Intel Coffee Lake Processor - Arrives in desktops October 5th

by Lawrence Cooper September 26, 2017, 0:43
Intel Coffee Lake Processor - Arrives in desktops October 5th

The new Core i5 series also comes with Intel's new Turbo Boosting 2.0 technology, which accelerates processor and graphics performance for peak loads, automatically allowing processor cores to run faster than the rated operating frequency if they're operating below power, current and temperature specification limits. The company claims that the new line-up is ideal for gamers and content creators.

We are already familiar with the confusion the company has created regarding the naming and generation.

Like previous generations, the new chips range from Intel Core i3 to Intel Core i7, with the higher number of cores providing increased performance.

While the top-end CPU Core i7-8700K, according to the manufacturer, is the best processor, whose frequency reaches 4.7 GHz in single core turbo mode. Intel says that its X-series chips are good for "megatasking" applications such as gaming, streaming and encoding videos simultaneously, but the Core i7-8700K is now better for just gaming.

Although based on the same 14nm manufacturing process and pretty much the same design as the Kaby Lake architecture, improvements in the process allowed Intel to get higher performance at almost the same TDP.

Intel said the new processors also offer more flexibility and customizability for overclockers, users seeking to push the speeds of their machines' central processor units to greater-than-factory settings. This will introduce a better power delivery system for the new CPUs; native support for 2666 MHz DDR4 RAM and Thunderbolt 3 is also on board.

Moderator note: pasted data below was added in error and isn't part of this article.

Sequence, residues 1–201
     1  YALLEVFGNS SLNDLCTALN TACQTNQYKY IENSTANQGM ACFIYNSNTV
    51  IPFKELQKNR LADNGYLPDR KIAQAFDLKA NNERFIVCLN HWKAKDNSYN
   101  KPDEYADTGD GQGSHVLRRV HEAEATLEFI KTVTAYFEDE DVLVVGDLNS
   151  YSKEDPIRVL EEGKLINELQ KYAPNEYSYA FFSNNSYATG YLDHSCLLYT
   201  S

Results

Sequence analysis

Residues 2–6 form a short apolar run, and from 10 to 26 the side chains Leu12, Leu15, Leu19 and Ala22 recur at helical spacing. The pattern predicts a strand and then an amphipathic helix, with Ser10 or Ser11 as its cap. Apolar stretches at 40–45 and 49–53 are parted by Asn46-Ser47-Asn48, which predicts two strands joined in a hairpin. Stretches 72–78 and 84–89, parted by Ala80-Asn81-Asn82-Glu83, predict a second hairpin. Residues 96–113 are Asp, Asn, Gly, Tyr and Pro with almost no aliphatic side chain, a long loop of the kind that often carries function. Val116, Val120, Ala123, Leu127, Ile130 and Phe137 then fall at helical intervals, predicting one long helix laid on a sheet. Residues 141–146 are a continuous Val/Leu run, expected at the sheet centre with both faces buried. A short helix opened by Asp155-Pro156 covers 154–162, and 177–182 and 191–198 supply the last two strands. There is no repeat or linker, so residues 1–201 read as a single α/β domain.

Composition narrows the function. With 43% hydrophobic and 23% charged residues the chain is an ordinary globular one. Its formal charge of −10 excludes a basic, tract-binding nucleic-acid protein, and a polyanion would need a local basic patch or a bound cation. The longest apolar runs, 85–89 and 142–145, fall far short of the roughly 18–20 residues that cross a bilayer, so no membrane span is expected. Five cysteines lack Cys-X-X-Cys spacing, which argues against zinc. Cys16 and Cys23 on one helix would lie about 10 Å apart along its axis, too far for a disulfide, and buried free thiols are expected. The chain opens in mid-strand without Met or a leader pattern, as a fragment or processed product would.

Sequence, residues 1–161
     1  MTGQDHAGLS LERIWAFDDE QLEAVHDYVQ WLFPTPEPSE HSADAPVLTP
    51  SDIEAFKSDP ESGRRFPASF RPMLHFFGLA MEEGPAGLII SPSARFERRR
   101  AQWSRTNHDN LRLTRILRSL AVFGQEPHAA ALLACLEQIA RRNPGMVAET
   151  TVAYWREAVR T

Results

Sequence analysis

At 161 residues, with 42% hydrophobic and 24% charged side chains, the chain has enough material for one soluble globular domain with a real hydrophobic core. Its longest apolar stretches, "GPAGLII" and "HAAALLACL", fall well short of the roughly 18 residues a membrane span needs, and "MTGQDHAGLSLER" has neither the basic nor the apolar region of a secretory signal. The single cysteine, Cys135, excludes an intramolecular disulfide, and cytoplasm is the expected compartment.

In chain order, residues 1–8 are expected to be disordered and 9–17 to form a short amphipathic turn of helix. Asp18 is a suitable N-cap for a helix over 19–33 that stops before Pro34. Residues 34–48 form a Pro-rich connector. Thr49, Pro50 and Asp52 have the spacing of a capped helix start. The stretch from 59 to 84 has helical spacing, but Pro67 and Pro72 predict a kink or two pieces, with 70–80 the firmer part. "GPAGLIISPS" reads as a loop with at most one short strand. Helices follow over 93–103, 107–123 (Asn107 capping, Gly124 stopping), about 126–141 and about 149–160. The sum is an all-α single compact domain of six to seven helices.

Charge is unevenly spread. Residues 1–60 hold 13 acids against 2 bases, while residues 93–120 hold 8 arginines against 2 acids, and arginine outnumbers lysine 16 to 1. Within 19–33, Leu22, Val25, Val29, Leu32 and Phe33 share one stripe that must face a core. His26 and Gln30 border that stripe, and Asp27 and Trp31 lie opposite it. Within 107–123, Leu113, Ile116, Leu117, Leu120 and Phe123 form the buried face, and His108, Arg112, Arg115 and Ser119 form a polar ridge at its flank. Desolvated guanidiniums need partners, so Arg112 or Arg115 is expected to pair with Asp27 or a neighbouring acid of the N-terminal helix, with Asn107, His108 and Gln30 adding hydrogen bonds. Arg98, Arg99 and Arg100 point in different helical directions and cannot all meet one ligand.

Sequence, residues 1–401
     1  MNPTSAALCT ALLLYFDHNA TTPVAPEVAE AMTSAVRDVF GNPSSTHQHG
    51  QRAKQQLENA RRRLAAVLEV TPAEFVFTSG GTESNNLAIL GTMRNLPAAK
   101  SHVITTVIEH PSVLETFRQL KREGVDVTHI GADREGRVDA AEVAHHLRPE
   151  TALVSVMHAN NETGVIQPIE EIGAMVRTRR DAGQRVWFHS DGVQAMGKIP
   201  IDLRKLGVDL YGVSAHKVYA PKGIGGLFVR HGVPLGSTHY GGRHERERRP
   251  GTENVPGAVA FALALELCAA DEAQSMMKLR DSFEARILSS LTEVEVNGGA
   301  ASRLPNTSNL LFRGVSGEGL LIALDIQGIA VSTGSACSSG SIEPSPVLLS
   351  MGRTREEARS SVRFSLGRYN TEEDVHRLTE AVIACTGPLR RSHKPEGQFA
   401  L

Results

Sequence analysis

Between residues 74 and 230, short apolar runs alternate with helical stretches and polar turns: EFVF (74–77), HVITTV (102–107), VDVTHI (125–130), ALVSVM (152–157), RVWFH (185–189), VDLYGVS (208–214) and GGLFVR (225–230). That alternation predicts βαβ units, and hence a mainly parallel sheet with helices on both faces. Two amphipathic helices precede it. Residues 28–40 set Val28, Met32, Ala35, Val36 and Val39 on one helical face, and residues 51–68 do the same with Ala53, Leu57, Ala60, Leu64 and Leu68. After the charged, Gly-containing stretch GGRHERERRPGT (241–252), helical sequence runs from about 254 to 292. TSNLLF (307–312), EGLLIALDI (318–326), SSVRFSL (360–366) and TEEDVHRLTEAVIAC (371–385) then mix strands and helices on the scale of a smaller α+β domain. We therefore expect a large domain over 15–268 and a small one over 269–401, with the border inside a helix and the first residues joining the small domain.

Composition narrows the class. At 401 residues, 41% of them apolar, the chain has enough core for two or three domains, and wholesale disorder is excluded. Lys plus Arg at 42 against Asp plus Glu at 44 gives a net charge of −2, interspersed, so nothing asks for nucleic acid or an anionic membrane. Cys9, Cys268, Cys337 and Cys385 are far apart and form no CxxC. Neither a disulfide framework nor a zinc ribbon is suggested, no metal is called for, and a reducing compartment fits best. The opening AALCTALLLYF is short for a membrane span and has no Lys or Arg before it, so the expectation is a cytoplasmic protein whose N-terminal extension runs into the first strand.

The Core i5-8600K is a six-thread chip with a base clock speed of 3.6GHz, while the Core i5-8400 has a base clock speed of 2.8GHz. Ars will have a review soon, but for now read the Core i9-7960X review, which pits Intel's 16-core chip against AMD's 16-core Threadripper.

Other than that, they have also said that the new processors will be able to edit and render 4K 360-degrees videos up to 32 percent faster compared to previous generations and 65 percent faster compared to a 3-year old PC. Though, it was not mentioned by the Intel executives about the new chips as a part of the family of "Coffee Lake". Pricing ranges from $117 for the Core i3 up to $359 for the high-end Core i7-8700K. We have AMD back in action and Intel responding with better updates. Stay tuned for a benchmark roundup right here on Tom's Guide, as well as more granular tests from our friends at Tom's Hardware and Anandtech.


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